Recently I received a letter from a constituent from Ferny Hills. It was not a particularly favourable pro-government letter by any means. I will refer to it because it does touch on some of these matters which I think are necessary to touch on. The constituent wrote:

The Coalition's supposed non-interventionist stance is both selectively applied and poorly conceived. The fact is that levels of social, business, industry and rural welfare are higher than ever and exist in direct opposition to this Government's ideology. Personally I am not in favour of any form of welfare whatsoever as it gives rise to a false economy with no real foundation, neither am I in favour of tax avoidance whether by individuals or by multi-nationals. Welfare recipients should be required to either work for benefits or repay them when work is obtained and scrap the rest. Women should be paid to rear children in a family context only. Not new or terribly popular ideas I'm sure.

Some of those remarks struck a chord with me. I think we all have to realise in this place that there is a limit to the welfare dollar and there is a limit to squeezing those people who are working hard, yet again for them to be told, `Well, you're going to miss out.' We do do this. Unfortunately, we do this across a range of areas. In this particular area we are doing it to a group of people with parental incomes over $41,000 who have children at home aged between 18 and 20. This is a group that we will be targeting with this measure.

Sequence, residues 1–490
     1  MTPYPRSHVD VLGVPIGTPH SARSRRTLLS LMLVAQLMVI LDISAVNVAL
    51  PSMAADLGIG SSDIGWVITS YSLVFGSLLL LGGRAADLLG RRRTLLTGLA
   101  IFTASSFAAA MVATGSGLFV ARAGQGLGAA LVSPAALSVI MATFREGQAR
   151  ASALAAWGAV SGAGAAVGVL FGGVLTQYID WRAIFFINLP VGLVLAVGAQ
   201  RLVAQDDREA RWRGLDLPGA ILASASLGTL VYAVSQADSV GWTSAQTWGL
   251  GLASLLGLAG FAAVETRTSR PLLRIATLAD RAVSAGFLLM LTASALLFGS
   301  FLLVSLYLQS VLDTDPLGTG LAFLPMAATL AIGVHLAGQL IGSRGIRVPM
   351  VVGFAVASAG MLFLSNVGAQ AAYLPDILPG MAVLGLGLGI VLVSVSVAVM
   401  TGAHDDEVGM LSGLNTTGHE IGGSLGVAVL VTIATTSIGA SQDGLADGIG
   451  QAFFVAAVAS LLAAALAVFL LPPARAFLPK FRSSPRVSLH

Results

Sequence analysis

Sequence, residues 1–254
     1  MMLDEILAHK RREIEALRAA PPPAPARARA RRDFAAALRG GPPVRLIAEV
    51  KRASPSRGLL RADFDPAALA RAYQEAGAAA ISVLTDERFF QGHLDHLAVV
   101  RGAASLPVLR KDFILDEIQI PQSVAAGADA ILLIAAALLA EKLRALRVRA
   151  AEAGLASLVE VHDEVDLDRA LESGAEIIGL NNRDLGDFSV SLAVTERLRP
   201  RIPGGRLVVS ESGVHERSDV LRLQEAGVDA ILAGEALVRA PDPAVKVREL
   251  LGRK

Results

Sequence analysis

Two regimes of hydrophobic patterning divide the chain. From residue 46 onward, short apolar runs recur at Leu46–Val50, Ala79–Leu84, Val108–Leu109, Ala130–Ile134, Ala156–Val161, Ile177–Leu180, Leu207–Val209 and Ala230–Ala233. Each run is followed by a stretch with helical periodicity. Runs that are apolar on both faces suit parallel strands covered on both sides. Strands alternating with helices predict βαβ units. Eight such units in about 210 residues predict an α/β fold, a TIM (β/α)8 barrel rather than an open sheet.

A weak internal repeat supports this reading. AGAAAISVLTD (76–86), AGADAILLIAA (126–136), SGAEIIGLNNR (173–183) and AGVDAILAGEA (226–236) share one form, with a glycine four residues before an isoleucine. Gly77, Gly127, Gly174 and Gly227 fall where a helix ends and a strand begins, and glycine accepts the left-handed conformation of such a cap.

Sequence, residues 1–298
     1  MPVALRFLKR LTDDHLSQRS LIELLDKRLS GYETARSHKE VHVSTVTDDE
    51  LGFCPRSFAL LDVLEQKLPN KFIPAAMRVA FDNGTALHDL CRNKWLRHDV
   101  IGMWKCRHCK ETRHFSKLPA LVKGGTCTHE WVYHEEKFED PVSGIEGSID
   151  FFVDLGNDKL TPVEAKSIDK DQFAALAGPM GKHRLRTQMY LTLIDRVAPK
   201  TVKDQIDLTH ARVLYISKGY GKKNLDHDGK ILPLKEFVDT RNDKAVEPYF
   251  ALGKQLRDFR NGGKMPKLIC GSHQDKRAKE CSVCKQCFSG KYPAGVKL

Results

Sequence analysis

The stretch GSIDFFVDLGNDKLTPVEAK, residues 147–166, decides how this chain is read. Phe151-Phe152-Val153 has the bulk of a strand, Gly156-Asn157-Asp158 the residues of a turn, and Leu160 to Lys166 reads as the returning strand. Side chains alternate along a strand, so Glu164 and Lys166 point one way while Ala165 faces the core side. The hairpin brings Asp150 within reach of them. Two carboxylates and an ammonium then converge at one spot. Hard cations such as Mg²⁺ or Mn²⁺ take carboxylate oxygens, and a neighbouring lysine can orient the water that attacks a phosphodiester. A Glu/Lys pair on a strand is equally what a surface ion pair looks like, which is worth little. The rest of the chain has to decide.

I understand that these measures are necessary but, by the same token, it is important to look at that culture and how those people see themselves as being targeted. I am not saying that it is the correct way to look at it, but that is the way they see it—for their thrift, energy and hard work, they are being targeted and kicked yet again. That is what they are saying to me.

It is a message we must heed. We cannot ignore the number of people out there who have worked hard all their lives. A gentleman recently wrote to me and said that he had worked with the PMG for 46 years. In that time, he achieved for himself a self-funded situation. He had just been a worker in the PMG; he did not have a high flying job, as I understand it. At the end of his 46 years he received his full superannuation pension which he banked every fortnight into a joint account. But he said that this financial year he is going to have to pay tax because the very fact that he put that into a joint account, earning interest of $5.97—divided by two, because it was put into a joint account—meant that he would have to pay tax on that. That is bureaucratic stupidity, in my view. It is again an example of that group of people who have done the right thing being picked at in this way. We have to bear those things in mind.